Now charity (love) is a key component of ALL things in our walk with Christ. Jesus instructed His servants to be kind, loving, and to distribute resources to assist the oppressed and poor in meeting their physical (and spiritual) needs (Acts 2:41-47, Luke 10:29-37; 18:18-25; compare James 2:15-17). To this day, we joyfully and globally contribute to gospel missions and ministry support for thousands upon thousands of ministers so they can, in turn, meet the shared task of proclaiming the gospel while meeting the physical and spiritual needs of those assigned to them by God (Luke 8:1-3; 10:1-9, Ephesians 2:8-10). Jesus spoke on supporting our households as well (i.e. relatives, family) and modeled perfectly on how to understand the importance and significance of family life.

Obviously, our Lord taught the scriptures and lived the law of God perfectly because we could not. So as we have received grace in Christ and continuously embrace & share the gospel, we respond to it best by loving and serving others, and sometimes it is through the use of money. He instructed that our money and possessions are used and managed most effectively by meeting the needs of our others to include family members (Matthew 7:7-12; Mark 7:9-13; compare 1 Timothy 5:8 and 2 Thessalonians 3:7-10). These are members of your immediate family (household) and at least for the husbands, you are called to provide for your spouse and children without issue. This models the Spirit of God in our desire, the Father of God to consistently do it, and the heart of Christ to love others while we do. Jesus is not calling for us to get a degree in economics. It is much more simple that.

One pastor says this,

“Jesus taught that we should exercise careful money management and exercise shrewd wisdom prior to making any purchase (Luke 14:28-30).”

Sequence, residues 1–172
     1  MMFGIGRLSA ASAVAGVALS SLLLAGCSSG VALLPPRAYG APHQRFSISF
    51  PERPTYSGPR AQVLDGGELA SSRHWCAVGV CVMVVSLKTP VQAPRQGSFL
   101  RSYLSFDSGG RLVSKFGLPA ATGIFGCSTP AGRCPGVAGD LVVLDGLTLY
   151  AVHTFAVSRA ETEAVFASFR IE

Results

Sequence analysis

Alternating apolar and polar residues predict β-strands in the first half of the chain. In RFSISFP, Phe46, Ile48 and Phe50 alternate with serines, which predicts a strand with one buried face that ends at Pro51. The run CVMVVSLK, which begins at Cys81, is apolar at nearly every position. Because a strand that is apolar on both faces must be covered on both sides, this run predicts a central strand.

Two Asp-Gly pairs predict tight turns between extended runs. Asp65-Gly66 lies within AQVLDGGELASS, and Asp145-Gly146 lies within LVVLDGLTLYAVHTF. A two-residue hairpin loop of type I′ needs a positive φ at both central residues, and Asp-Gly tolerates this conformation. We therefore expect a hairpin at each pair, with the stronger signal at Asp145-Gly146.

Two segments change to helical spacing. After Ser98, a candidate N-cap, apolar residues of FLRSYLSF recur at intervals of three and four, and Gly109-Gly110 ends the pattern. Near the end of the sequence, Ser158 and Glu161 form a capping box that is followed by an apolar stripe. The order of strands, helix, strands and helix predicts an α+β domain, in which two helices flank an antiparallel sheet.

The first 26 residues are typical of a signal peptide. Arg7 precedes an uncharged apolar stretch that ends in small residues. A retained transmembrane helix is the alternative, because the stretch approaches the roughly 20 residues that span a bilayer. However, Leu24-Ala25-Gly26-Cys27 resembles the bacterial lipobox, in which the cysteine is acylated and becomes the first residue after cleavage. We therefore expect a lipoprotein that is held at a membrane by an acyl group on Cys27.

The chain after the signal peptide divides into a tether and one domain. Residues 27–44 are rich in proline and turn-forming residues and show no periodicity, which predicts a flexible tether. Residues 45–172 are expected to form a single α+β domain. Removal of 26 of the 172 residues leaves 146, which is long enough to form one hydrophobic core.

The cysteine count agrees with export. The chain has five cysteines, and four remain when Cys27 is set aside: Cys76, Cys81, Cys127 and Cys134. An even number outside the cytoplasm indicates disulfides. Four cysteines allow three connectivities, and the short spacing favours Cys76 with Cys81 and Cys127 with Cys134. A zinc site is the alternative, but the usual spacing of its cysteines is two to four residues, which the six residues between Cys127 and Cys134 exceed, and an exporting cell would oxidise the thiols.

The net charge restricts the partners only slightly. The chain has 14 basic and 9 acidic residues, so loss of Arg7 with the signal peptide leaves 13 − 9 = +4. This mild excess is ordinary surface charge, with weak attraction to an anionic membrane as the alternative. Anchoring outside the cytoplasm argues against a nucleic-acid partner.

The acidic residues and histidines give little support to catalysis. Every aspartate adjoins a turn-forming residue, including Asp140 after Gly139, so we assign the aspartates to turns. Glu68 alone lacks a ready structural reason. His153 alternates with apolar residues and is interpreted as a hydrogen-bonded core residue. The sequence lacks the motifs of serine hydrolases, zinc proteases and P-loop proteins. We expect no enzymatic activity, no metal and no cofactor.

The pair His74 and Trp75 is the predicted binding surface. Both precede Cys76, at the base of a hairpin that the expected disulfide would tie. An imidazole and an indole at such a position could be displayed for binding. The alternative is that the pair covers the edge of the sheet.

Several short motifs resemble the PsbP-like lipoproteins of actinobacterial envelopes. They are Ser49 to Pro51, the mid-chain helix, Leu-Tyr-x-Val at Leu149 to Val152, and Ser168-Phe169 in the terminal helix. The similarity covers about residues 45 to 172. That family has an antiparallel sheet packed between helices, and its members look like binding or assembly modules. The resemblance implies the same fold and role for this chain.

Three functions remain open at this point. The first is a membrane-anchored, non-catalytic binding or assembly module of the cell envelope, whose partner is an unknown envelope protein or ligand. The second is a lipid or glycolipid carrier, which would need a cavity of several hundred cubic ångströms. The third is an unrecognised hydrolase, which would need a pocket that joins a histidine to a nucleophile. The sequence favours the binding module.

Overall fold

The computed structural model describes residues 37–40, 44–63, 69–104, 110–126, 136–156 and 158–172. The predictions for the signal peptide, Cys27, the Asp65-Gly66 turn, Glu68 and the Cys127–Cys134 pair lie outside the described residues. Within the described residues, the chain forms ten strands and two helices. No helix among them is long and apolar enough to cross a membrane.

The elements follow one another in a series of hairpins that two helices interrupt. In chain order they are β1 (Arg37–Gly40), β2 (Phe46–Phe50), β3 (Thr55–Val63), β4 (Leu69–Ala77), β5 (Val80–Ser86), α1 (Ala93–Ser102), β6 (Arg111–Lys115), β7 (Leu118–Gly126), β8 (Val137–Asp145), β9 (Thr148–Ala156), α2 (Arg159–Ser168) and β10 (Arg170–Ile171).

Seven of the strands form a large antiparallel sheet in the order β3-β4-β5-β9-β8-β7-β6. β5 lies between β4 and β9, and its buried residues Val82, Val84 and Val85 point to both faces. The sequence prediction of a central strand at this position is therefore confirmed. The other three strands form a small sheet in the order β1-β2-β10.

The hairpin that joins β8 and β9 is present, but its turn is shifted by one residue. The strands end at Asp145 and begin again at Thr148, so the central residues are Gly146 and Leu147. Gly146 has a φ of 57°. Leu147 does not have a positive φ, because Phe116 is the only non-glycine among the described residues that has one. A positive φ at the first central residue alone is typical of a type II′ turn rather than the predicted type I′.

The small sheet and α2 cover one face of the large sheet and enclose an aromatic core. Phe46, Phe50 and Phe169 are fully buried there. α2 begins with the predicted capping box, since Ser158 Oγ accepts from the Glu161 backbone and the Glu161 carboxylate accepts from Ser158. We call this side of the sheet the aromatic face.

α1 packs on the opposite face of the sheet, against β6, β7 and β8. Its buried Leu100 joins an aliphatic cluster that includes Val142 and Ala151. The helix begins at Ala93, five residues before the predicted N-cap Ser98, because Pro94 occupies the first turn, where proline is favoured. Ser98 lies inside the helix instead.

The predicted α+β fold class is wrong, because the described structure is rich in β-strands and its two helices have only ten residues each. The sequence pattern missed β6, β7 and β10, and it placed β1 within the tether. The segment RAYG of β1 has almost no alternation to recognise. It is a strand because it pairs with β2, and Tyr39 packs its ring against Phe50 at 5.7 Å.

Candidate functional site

The Lord was indeed practical. Simple and practical. Wisdom is a crucial aspect of our approach. Caution allows us to guard our hearts against covetousness. We must be like Jesus, He didn’t desire possessions, or to live lavishly amongst the people. To the contrary he Himself was lowly and gentle; our approach to money should be one of stewardship and not ownership; as children of the Most High, we are convicted to believe all good things flow from God. All gifts we have are from God. God causes all things and blesses our vocation and work and its fruits. A fear of God informs of this knowledge (Proverbs 1:7) and applying it shows wisdom.

Lastly, Jesus was a masterful teacher and through his explanations (teachings) He would often warn and admonish that our hope should never depend on money or resources. Our hope is in God and God alone. We are to be solely dependent on God to meet our needs. That though we are actively searching, and pursuing God-honoring work that ultimately we are dependent upon God, as the source for all things to include our salvation. Trusting him to meet our essential family needs (Matthew 6:9-13, 19-34; Luke 12:22-34). God provides what we are given; we are to be productive & good stewards of His Kingdom, time, resources, and money. Our primary goal in this life is to invest promptly into the lives of other Christians, our local church, prisoners, widows, and orphans. Beloved, let us not build bigger barns so to speak, or acquire storage units full of things but instead share all things in love. (Matthew 25:34-40; Luke 6:30-38; 10:25-37; 12:15-21). Money is to be worked for, cared for, and used to meet our needs, the needs of others, and to further the Kingdom in a God-fearing and honoring way.

One writer says this, “Jesus taught that we should not use the power of money to lord it over others, either through arrogance or coercive manipulation (Matthew 18:23-34; Luke 7:40-43; 20:9-16). If we learn money biblically and commit ourselves to what our Lord so graciously laid out on this topic we stand to honor Him more consistently and thoughtfully. Through good stewardship, we can more efficiently advance missionary & gospel work, our families, and the Kingdom as a whole. Let’s meet the needs of others by adopting what God says about how we use our blessings, gifts, and money.


Daniel Barea is a servant of Jesus Christ and a faithful and passionate preacher of the Gospel. He is a graduate of Wayland Baptist University, a confessing reformed Baptist, father of five, and husband to Mrs. Esther Caroline Barea. He is also a contributor to the PMc blog.